Rob van Vuuren
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Shark Attack II (2000)
15th Mar 08
Take the plots of the four Jaws movies, mix them up and there you are.
With the inevitably of night following day and crusty patches on the lounge curtains following a good night in with a hot girl, Shark Attack gets a sequel, whether anyone wanted it or not. Casper Van Dien, presumably busy making some low-rent action flick in Bulgaria with a title like Fatal Target, neglected to return for Shark Attack II, directed by David Worth in 2000. Leagues livelier than its predecessor, this one earns “you’ve got a bloody cheek!” points for managing to rip off elements from all four Jaws movies while cannily balancing unintended laughs, pacey plotting and - hooray! - plentiful shark attacks. Only a miserable bastard would fail to wring some enjoyment out of this one. (After reading this, search reviews on the net and find plenty of miserable bastards doing just that).
Jaws 2 provides the, um, inspiration for the opening sequence in which our growling, roaring (!) shark attacks two female divers. The survivor of this assault is pretty, Heather Graham-esque blonde Nikita Ager, who gets it on with our marine biologist hero (Thorsten Kaye) during an amusing romantic beach montage set to a sub-Mariah Carey power ballad by Tina Meeks. This particular song will make you consider sticking your face in an industrial-sized fan or, if you catch it in a forgiving mood, merely perforating your own eardrums with sharpened HB pencils. Try not to succumb to temptation - the rest of the movie is better than most films with the word “Shark” in the title!
The setting is Cape Town, South Africa, which for some reason is overrun with people speaking in fake American accents. The town is gearing up for the grand opening of its theme park “Water World” and, as in Jaws 3, the park owner is eager to have a Great White as its main attraction so it can boast of having the first shark of its kind in captivity. It all goes pear-shaped, of course, and a hapless shark-feeder is dragged into the water and ripped apart by the creature on opening day in full view of numerous screaming brats. Ah, if only this kind of thing happened at Sea World, the admission price might be considered good value…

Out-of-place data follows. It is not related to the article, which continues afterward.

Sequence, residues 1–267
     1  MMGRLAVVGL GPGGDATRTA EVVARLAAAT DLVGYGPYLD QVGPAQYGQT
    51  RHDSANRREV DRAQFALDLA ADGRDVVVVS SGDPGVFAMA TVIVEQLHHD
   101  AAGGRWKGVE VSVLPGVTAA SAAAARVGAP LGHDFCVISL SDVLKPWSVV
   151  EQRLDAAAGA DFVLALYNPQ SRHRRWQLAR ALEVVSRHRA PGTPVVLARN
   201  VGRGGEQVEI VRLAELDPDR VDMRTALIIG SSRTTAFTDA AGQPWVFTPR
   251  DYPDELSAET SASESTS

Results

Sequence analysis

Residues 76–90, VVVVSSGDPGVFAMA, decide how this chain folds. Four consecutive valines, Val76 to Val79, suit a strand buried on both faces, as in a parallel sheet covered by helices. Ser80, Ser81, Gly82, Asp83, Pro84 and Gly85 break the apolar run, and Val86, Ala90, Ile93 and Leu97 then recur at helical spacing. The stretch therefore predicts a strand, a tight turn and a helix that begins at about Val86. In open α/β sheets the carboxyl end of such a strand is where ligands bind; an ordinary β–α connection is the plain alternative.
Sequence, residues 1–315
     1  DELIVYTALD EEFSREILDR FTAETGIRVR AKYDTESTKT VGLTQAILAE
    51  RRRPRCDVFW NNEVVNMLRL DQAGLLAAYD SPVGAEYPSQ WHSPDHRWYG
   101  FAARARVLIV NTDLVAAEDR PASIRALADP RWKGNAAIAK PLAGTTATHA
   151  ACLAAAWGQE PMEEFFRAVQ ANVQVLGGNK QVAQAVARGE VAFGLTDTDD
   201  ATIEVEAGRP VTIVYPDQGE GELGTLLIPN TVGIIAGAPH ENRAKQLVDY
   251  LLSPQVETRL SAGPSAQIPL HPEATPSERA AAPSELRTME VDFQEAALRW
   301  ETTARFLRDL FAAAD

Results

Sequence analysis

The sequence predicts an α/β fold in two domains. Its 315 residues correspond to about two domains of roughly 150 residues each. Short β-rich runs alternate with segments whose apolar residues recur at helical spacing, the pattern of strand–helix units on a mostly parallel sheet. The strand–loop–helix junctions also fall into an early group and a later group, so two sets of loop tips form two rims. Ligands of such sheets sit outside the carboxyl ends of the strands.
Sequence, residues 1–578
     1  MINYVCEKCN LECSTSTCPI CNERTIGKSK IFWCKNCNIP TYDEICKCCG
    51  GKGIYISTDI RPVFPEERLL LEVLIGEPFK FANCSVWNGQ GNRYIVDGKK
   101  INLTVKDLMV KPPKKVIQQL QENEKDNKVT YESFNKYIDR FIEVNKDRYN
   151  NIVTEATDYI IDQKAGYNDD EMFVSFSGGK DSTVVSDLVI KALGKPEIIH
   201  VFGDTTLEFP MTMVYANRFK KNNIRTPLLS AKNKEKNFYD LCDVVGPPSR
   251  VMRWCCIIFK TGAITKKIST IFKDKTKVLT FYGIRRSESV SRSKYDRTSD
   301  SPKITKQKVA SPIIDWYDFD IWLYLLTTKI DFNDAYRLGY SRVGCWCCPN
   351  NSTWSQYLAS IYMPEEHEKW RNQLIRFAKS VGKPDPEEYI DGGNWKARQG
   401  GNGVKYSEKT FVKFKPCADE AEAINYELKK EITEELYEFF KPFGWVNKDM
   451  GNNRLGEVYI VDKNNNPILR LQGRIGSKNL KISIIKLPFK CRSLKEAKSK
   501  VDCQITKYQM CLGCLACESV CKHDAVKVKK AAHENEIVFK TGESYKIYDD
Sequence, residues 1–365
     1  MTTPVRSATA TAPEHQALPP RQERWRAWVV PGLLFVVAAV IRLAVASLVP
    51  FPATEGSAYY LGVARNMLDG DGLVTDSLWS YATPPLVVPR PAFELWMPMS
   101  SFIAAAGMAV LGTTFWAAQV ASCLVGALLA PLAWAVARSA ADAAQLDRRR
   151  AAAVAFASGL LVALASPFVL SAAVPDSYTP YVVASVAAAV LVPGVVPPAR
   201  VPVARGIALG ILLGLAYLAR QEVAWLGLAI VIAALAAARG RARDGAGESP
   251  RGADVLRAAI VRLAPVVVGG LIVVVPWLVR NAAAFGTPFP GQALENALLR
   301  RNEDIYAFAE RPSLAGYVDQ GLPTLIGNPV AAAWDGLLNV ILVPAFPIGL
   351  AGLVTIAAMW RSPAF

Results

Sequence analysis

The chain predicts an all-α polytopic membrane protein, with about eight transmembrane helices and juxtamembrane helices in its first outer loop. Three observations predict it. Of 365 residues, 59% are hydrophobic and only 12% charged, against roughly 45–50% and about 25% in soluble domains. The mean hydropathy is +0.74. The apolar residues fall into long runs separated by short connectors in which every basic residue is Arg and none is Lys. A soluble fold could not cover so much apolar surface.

The shark escapes into the ocean and obnoxious Australian Discovery Channel host Daniel Alexander is brought in to assist the hunt. He says things like “You little beaut” and “Lets give these bloody dingoes what they deserve” just in case we were in any doubt that he’s Australian. He also bemoans “Sharks are evil, they need to be destroyed!” (there’s a positive, Discovery Channel attitude for you!) but, despite being successfully established as a total arsehole, the script encourages us to root for him. In the pic’s only direct link to Shark Attack, the Great Whites in this movie, who swim in schools, have grown at a dramatically accelerated rate and are extra-aggressive as the result of the first film’s experimentation.
This movie rivals the notorious The Last Shark in terms of pilfering ideas and scenes from the Universal franchise. One shark, which has a fondness for annoying kids by eating their remote control boats, sports disfigured features just like the villain of Jaws 2, because a character stabs it in the eye at the outset. The Mayor refuses to close the beaches despite the threat and allows an ill-fated surfing competition to take place. The score none too discreetly performs various riffs on John Williams’ classic discordant shark theme. Characters use shark-tracking devices just like those in Jaws The Revenge. Much like Mario Van Peebles in that film (or perhaps LL Cool J in Deep Blue Sea), the annoying Ozzie bloke (“Imagine the ratings, I’ll be bigger than Cousteau ever was!”) somehow survives being dragged by the shark in the final act. And, in the most blatant bit of cinematic cloning, director David Worth employs an identical dolly-zoom shot to the famous one in Jaws for a very similar sequence of the hero watching as the beach descends into panic.
For all its thievery, however, Shark Attack II is more fun than either of the final two Jaws movies. There are suspenseful situations -a shark cage assaulted by a school of Great Whites -, enjoyably gory scenes of surfers being munched on and even hilarious sub-Baywatch scenes of the hero running purposefully in glorious slo-mo.
This time out, the sharks are depicted by a surprisingly acceptable combination of stock footage, CGI and animatronics. The frequent cutting from real sharks to dodgy plastic fins sometimes jars and, when they pop out of the water, the fake sharks look much like the monster on Universal’s JAWS ride, but at least this sequel delivers the amount of big-fish action that its straight to DVD rivals often short-change on. The script even finds time for a pro-shark speech from the hero and an impersonation of South Park’s Cartman. What’s not to like?!
Versions Available on R1 and R2. The region 1 version is 1:78 which might cost you perhaps an extra pound on Amazon Marketplace. Go on, you're worth it.